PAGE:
Russia is surpassing Saudi Arabia in oil exports for the first time since the Soviet Union's collapse as Prime Minister Vladimir Putin exploits Opec production cuts to gain market share.
Exports of crude and refined products from Russia rose to about 7.4 million barrels a day in the second quarter, according to energy ministry data. Saudi shipments fell to about 7 million barrels a day, International Energy Agency estimates of output and domestic demand showed.
Investors had expected Russian supplies to decline this year after Putin's deputy, Igor Sechin, told Opec in December that his government was ready to limit production to support prices. Instead, the country is providing tax breaks for new fields in Siberia. Rosneft, Lukoil and BP's Russian venture TNK-BP pumped more as prices rose 54 percent to near $69 (R525) a barrel.
«In no uncertain terms, Russia has been the biggest beneficiary of Opec's sacrifice," said Chris Weafer, the chief strategist at UralSib Financial. „Higher prices have equalled a $20 billion tax windfall.“
The extra barrels may hurt Opec efforts to cut inventories and keep members from exceeding their quotas after the group meets in Vienna today. Oil will fall 4.7 percent from the average so far this quarter to $64.50 a barrel in the third, according to the median of estimates compiled by Bloomberg.
Opec agreed during three meetings last year to reduce supplies by 4.2 million barrels a day, the biggest cutbacks in the group's history, after prices plunged $100 from the peak last July. Oil sank to $32.70 in January before rebounding.
Saudi Arabia has about 2.75 million barrels of daily capacity idle. Russia did not have the flexibility to switch wells off for months and turn them back on, so had minimal spare capacity, said Oswald Clint, an analyst at Sanford C Bernstein.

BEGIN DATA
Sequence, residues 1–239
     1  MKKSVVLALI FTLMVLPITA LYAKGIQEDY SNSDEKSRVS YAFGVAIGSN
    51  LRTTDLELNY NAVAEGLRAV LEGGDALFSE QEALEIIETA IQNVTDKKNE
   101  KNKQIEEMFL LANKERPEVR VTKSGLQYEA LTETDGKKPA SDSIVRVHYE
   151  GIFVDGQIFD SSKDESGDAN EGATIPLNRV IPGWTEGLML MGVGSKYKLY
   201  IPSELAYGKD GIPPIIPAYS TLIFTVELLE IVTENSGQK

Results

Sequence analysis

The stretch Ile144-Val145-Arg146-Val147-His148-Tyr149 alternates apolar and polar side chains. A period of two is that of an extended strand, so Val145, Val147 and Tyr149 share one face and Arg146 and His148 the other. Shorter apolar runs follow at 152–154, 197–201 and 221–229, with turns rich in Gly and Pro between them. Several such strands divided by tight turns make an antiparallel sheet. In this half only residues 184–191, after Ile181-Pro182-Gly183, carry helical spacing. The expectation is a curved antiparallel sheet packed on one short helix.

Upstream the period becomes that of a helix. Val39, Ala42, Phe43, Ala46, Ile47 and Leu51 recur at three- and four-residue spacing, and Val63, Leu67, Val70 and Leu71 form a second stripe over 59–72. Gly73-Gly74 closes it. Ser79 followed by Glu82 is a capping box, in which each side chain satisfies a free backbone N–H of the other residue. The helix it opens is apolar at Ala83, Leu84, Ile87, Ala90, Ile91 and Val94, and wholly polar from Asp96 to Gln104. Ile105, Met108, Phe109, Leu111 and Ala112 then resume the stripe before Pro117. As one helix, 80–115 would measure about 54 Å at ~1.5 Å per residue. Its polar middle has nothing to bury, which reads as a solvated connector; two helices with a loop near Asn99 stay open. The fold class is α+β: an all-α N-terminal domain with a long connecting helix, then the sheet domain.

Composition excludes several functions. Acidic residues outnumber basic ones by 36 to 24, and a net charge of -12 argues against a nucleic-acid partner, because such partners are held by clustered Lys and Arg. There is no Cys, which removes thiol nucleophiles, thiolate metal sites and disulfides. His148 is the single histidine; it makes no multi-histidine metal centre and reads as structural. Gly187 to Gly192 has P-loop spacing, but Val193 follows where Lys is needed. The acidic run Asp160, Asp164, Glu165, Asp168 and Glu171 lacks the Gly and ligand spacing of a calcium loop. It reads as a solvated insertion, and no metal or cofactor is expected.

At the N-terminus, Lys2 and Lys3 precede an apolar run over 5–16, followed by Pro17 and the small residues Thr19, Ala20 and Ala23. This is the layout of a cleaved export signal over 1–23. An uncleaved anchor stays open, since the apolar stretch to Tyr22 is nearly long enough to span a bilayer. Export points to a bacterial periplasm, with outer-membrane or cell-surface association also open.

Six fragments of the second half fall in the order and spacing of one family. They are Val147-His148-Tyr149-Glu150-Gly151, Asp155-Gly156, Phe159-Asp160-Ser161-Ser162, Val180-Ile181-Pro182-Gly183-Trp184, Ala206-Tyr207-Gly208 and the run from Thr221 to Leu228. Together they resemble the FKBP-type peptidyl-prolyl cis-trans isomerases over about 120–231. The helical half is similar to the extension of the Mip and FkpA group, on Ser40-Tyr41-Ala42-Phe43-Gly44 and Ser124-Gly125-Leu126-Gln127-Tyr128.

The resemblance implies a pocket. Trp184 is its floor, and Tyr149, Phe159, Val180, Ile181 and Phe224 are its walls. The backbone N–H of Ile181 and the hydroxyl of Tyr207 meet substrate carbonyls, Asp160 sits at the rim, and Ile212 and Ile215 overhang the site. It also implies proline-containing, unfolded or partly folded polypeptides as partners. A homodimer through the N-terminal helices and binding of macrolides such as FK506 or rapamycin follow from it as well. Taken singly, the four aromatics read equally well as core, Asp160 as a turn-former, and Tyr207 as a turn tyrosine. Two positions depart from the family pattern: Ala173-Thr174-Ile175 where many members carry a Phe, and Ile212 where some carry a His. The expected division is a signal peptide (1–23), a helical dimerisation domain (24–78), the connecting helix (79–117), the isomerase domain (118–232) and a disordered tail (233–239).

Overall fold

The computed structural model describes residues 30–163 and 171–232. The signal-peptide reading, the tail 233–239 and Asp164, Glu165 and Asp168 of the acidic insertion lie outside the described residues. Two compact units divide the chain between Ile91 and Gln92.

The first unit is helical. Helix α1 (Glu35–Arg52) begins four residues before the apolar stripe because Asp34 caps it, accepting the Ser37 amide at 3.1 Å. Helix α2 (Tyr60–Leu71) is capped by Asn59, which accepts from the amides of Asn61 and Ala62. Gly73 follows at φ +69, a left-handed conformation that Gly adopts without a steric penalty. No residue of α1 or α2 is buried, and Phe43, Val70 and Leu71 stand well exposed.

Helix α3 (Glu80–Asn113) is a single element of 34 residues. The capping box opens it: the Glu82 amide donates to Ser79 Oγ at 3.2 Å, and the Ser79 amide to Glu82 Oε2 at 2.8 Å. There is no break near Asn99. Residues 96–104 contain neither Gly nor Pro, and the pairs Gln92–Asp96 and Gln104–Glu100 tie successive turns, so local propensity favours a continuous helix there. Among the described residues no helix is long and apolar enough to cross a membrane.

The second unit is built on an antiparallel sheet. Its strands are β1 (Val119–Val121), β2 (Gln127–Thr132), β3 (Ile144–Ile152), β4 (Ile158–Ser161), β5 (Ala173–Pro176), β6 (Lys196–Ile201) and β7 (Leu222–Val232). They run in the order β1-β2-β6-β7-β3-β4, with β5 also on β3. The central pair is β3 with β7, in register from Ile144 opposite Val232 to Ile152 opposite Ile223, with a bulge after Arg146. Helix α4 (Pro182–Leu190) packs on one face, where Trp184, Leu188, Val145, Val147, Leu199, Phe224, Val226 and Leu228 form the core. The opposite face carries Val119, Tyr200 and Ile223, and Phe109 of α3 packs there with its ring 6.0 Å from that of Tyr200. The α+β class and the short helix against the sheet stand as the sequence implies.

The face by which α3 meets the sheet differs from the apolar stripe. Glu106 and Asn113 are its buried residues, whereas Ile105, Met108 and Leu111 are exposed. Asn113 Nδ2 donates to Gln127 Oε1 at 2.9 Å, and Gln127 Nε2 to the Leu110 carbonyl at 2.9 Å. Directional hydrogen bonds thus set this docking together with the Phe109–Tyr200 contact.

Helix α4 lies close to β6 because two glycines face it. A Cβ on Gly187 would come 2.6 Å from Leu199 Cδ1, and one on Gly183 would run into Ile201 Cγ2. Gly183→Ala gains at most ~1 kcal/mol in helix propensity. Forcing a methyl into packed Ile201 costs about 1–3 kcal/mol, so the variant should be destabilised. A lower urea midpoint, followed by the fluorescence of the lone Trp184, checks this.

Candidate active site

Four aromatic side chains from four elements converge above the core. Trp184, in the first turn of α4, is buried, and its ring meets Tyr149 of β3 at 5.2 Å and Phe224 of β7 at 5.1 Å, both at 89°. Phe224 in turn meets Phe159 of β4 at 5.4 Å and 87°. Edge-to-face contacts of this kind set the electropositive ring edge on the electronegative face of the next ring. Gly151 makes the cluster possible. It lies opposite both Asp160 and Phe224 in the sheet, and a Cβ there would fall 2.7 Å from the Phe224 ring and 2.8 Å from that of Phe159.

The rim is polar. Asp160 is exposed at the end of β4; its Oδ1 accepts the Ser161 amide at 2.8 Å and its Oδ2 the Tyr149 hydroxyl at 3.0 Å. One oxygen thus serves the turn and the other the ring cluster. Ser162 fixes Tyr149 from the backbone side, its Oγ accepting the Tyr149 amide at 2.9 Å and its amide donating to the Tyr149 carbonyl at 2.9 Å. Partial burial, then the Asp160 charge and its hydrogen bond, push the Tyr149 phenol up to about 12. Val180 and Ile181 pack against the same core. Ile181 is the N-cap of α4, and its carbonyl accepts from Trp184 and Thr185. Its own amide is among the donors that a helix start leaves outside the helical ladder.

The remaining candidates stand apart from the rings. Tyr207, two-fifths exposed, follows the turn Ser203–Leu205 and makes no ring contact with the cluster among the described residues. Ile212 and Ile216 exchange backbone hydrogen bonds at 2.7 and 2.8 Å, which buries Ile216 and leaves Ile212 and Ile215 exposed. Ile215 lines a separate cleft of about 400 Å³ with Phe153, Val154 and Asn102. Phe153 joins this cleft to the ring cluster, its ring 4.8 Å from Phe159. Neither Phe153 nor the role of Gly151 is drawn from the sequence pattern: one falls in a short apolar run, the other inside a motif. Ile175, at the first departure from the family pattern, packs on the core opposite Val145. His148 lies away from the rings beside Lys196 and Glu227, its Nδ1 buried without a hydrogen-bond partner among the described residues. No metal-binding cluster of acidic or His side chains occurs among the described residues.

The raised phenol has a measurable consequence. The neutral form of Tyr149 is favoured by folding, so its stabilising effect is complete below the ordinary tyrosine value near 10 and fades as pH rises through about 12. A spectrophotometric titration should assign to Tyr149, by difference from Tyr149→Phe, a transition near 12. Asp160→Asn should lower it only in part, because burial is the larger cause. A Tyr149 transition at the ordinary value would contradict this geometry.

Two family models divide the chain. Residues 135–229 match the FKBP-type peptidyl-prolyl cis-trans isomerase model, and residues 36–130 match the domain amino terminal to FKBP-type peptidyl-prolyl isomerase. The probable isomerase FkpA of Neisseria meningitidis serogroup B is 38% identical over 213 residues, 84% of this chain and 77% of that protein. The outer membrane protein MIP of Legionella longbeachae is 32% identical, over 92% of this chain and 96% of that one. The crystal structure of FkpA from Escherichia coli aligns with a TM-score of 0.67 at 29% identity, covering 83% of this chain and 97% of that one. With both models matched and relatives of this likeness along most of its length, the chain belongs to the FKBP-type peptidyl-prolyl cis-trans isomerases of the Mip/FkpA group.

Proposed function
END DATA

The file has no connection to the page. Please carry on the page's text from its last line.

Russia's crude oil production rose 1.3 percent last month from a year ago, to 9.97 million barrels a day, and exports grew 5.9 percent, according to the energy ministry. This increase came after the largest producer, Rosneft, began pumping from its Vankor field in Siberia.
In March, while Russian politicians hinted at possible supply cuts, Lukoil chief executive Vagit Alekperov said his company aimed to raise output 1.5 percent this year.
«If Russian production had fallen as much as people had forecast, and it were 600 000 to 700 000 barrels a day lower than it is today, the market would be significantly tighter," said Edward Morse, the head of economic research at LCM Commodities in New York.
Russia already exports more energy than any other country, when including natural gas from state-run Gazprom, the world's largest producer. Gazprom's gas output alone last year was equivalent to 9.9 million barrels of oil a day, compared with Saudi Arabia's 9.2 million barrels of crude, according to estimates.
Russian gas sales to Europe will also benefit from Opec's effort to raise the value of crude because some gas contracts are linked to oil prices.
Opec president and Angolan oil minister Jose Maria Botelho de Vasconcelos said he expected the group would not make more cuts this week, echoing officials from Algeria, Iran, Iraq, Kuwait, Libya and Qatar.